Herb Catalogs: Ready, Set, and Plant Those Herbs, Part 1

Reader Contribution by Lemon Verbena Lady
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The weather in March was really almost like May or June here in western Pennsylvania. We had 12 days of consecutive 70- to 80-degree weather! It was crazy; made me want to get out and plant some herbs. What has added fuel to the fire is the arrival of herb catalogs. I always like to have a cup of herbal tea and peruse paper catalogs. Call me old-fashioned! Mail orders are expensive, but I think sometimes a necessary method of getting unusual herb plants that you will not find any other way. All of these herbal families have made their passion for herbs an important part of their lives, and in turn in ours.

When I first started my herb garden 22 years ago, I discovered a plant catalog from North Carolina called Sandy Mush Herb Nursery from Leicester, North Carolina. I completely immersed myself in herbs through this catalog. Kate and Fairman Jayne wrote a catalog with lovely script and descriptions of the herbs and it made me so happy. Even when they described Fuller’s teasel as using the “spiny flower heads to raise nap on woolens or to card wool for spinning,” I had to have it! I also bought my first clary sage here and it bloomed beautifully. You get the idea. I get caught up with the magic of herbs! This catalog is $5 to purchase a paper one. (You get this back when you place an order.) Also, it’s free to download the catalog. I have obviously mail ordered herbs with success from Sandy Mush.

The next two catalogs are from the west and east coast. Goodwin Creek Gardens is located in Williams, Oregon and has been in business since 1977. Jim and Dotti Becker specialize in herbs, everlasting flowers and fragrant plants, including a large number of Native American species. They also offer a large variety of plants that attract both hummingbirds and butterflies. They do mail order, but plants are about 30 percent less expensive if you can go to their nursery and shop there. They offer collections of plants such as a wedding, hummingbird and butterfly collection, as well as one of my favorites (of course!), the Shakespeare collection. You can always access their plant catalog on their website.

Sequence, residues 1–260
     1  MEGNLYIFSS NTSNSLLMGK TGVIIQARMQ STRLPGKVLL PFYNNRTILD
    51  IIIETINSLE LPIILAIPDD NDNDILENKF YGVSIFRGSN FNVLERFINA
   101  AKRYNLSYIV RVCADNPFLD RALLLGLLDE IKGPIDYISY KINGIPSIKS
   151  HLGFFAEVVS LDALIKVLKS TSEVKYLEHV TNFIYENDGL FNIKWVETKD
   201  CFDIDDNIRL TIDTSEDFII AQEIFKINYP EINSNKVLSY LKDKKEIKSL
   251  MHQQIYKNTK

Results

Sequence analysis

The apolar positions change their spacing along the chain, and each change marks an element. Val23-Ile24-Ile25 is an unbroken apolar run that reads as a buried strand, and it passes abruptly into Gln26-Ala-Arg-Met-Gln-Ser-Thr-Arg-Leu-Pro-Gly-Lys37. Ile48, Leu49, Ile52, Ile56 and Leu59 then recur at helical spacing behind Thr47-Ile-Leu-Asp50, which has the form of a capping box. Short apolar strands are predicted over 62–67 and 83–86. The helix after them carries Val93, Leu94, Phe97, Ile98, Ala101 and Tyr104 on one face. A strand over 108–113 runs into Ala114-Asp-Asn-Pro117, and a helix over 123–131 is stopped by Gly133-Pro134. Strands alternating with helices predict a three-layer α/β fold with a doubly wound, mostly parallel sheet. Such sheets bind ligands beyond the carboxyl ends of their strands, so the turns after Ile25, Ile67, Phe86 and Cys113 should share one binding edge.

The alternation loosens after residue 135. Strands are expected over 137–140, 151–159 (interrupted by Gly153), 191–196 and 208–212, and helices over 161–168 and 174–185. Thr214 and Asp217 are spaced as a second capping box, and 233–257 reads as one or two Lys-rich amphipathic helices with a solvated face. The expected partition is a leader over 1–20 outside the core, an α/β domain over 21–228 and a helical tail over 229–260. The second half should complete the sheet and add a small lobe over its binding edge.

The eastern catalog in the photo is Well-Sweep Herb Farm of Port Murray, New Jersey. It is celebrating its 43rd season with David Hyde at the helm. Louise and Cyrus Hyde started the business in 1969 and they have built a beautiful farm and herbal legacy. There are so many interesting and unusual varieties of herbs and perennials. Some carrying the Well-Sweep name because they were introduced at Well-Sweep. I have mail ordered many unusual herbs from Well-Sweep that I couldn’t find anywhere else. They have always arrived in good shape. They have lots of unusual dianthus, eucalyptus, bay leaf, lavender, mint, basil, curry leaf, scented geranium, rosemary, bay rum and allspice. As I may have said in my post called: Herbal Travels: Well-Sweep Herb Farm, thank goodness Cy Hyde loves to collect herb plants! 

My next post will continue the search for wonderful herb farms maybe one in your area to visit in person, or, if not, to visit online. As always, if you have a comment or question about any of my posts, please write to me here with a comment or my e-mail at lemonverbenalady@hotmail.comand put in the subject line “Herb Comment or Question.” Talk to you soon. Please stay tuned for the second installment of Herb Catalogs. You may recognize an herb farm that’s near your house.

You can check out the Lemon Verbena Lady at her blog
Lemon Verbena Lady’s Herb Garden.

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